Forming Block Clubs & Tenant Councils (The Do’s & Don’ts)

There are many procedures that must be followed when forming Block Clubs and Tenant Councils. There are also certain pitfalls that may be avoided that will help make forming either group a little easier for you. The following outline should serve as a useful guide:


A Block Club / Tenant Council is a group of citizens who work together to improve the quality of life in their neighborhood. Primarily, A Block Club / Tenant Council should be organized with bylaws to have a definite set of rules to help structure the organization. Block Clubs and Tenant Councils both are designed to bring neighbors together so they may get to know each other and discuss topics of mutual concern, such as the happenings in the  neighborhood.


In order to maintain a friendly atmosphere and break down some of the social barriers which may exist between neighbors, it is helpful to meet in a member’s home or weather permitting, back yard. Tell everyone to bring a chair! If that is not  possible, a community center, church, or other public-oriented meeting area may be utilized. Always have a sign in sheet with spaces for name, address and phone numbers on it. Tenant Counsels usually meet in an on-site community room.


Meetings should be scheduled on an as needed basis. In the beginning stages, the organization may need to meet as often as every two weeks for the first few meetings. Once the foundation has been set, members may want to meet monthly, bi-monthly, or quarterly. The group may set new meeting  standards at any time that best meets their needs.


Block parties, block sales, impromptu cook-outs, fund raisers and celebrating National Night Out are all good ways of keeping the organization fun and keeps the interest level high.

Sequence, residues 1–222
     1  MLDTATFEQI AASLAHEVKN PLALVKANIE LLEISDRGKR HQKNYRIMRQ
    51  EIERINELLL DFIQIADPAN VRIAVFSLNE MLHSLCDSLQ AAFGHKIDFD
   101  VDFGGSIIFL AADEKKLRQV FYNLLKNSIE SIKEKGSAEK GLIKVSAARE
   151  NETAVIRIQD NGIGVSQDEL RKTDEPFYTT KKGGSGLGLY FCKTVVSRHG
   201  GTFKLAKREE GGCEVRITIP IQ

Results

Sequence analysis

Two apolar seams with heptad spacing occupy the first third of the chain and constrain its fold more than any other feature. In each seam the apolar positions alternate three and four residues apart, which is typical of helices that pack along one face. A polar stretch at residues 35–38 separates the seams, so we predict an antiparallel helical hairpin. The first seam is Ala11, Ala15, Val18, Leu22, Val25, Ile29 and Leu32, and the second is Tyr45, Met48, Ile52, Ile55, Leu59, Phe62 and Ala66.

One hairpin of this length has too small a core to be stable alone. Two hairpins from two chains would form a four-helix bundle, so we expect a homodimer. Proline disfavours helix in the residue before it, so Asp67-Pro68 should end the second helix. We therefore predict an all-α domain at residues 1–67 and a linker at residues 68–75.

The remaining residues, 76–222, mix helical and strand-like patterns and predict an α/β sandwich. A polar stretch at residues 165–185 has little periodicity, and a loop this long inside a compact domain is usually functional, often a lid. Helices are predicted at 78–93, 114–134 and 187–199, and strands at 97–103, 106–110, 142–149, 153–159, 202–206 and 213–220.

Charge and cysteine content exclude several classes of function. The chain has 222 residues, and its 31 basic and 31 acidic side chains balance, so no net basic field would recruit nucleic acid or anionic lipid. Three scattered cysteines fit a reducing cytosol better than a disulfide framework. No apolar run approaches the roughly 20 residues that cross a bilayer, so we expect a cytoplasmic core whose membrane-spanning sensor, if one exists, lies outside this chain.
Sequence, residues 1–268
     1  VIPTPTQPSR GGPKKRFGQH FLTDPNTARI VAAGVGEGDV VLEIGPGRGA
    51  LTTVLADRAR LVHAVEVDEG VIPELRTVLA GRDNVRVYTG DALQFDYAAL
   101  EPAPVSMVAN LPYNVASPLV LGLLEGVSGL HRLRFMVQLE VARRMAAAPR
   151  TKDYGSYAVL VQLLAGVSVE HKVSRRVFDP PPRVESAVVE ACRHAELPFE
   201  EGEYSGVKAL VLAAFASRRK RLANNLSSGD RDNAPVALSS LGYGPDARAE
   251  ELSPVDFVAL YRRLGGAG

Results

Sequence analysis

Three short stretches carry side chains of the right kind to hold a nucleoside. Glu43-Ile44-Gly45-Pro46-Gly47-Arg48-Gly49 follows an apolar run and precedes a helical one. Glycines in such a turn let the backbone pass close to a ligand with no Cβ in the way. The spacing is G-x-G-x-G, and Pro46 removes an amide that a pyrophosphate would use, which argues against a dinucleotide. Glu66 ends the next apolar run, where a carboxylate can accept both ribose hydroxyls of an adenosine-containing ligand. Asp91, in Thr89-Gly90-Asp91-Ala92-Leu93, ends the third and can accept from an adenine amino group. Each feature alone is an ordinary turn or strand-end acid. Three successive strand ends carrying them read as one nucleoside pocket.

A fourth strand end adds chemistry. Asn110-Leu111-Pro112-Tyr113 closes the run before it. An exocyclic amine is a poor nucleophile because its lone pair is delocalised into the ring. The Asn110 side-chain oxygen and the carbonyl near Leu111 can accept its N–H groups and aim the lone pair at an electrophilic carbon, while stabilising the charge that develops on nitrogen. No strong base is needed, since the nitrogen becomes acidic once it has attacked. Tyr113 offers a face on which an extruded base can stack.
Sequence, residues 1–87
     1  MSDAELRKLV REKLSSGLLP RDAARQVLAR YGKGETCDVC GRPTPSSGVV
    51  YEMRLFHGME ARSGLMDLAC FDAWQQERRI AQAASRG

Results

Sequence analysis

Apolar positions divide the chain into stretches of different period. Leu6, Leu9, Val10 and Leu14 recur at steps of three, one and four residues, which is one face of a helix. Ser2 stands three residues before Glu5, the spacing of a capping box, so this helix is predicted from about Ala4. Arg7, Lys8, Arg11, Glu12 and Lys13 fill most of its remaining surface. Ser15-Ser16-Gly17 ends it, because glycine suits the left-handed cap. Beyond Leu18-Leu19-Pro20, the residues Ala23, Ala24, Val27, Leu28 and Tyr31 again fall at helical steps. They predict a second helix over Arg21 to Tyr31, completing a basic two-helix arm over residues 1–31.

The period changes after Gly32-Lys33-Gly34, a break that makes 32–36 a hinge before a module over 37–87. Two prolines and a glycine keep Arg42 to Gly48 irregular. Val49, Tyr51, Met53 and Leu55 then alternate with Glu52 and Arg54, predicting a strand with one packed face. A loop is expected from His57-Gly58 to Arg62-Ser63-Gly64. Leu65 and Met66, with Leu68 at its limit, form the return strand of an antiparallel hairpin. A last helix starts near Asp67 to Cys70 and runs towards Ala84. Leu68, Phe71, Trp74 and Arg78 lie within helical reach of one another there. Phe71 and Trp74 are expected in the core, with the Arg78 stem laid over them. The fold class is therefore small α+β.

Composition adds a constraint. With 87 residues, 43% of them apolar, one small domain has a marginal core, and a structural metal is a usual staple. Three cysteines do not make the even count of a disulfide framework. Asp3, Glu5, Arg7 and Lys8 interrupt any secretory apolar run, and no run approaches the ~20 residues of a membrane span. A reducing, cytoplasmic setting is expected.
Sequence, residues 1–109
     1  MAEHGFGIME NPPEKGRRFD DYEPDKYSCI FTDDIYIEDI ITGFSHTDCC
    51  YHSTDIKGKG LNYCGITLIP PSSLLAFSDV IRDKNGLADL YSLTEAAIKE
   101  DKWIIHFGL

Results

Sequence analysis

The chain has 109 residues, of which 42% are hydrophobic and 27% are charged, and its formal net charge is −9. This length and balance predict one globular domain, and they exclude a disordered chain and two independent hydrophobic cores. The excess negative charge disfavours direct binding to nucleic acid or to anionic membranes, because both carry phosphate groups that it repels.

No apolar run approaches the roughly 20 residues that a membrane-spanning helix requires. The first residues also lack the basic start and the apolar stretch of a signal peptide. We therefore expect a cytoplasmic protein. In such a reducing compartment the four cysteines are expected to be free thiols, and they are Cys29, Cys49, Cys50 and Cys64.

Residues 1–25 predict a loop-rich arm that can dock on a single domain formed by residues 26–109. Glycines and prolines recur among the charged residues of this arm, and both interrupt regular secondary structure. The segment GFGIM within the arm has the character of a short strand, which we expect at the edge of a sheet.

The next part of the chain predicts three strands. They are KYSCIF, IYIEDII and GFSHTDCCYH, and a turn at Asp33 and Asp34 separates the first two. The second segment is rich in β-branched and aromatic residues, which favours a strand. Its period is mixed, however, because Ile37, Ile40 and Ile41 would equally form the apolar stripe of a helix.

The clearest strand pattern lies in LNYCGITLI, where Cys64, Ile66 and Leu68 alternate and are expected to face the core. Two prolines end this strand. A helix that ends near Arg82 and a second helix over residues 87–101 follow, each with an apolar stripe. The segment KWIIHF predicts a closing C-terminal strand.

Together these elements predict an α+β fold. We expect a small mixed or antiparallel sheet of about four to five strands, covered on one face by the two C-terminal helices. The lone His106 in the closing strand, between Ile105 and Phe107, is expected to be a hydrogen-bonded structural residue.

Setting up a meeting agenda is always helpful, even if the meetings are informal.

Time Frame for Meetings

Ideally, the time frame for a meeting should be kept to one hour leaving time for refreshments afterward. Overall, the meeting should be kept to  a a  maximum of 90 minutes. Anything beyond this tends to lose the members’  interest. If a discussion becomes particularly intense or is unresolved in the allotted time, then a date for another meeting should be set to further address the issue.

Agenda Items

1.   The chairperson or president should welcome everyone and introduce the leaders, liaison officers, speakers, or any other guests attending the  meeting. Afterward, the speaker should be invited to stay for the remainder of the meeting (which allows for a tactful exit if desired).

2.   If it is a formal meeting the minutes may be read and the treasurer’s report given.


It is always desirable to serve a beverage and a light snack after the meetings or  to take a break after 45 minutes for the refreshments. If the  agenda is exceptionally full, you may want to serve the snack and beverage during the meeting. Either way is perfectly acceptable as long as speakers  are not interrupted by the hustle and bustle.